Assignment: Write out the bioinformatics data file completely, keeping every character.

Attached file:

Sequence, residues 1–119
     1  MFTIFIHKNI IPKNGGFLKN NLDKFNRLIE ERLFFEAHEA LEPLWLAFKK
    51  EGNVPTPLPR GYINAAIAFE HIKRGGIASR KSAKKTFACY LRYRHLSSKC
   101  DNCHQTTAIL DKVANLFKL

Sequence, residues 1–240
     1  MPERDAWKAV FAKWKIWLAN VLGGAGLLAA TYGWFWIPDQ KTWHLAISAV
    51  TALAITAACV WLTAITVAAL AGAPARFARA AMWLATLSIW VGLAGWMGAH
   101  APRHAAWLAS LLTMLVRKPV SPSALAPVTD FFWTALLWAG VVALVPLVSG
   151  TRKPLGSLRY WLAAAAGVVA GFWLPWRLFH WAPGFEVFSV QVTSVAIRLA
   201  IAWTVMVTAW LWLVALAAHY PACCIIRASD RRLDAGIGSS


Sequence, residues 1–119
     1  MFTIFIHKNI IPKNGGFLKN NLDKFNRLIE ERLFFEAHEA LEPLWLAFKK
    51  EGNVPTPLPR GYINAAIAFE HIKRGGIASR KSAKKTFACY LRYRHLSSKC
   101  DNCHQTTAIL DKVANLFKL

Sequence, residues 1–240
     1  MPERDAWKAV FAKWKIWLAN VLGGAGLLAA TYGWFWIPDQ KTWHLAISAV
    51  TALAITAACV WLTAITVAAL AGAPARFARA AMWLATLSIW VGLAGWMGAH
   101  APRHAAWLAS LLTMLVRKPV SPSALAPVTD FFWTALLWAG VVALVPLVSG
   151  TRKPLGSLRY WLAAAAGVVA GFWLPWRLFH WAPGFEVFSV QVTSVAIRLA
   201  IAWTVMVTAW LWLVALAAHY PACCIIRASD RRLDAGIGSS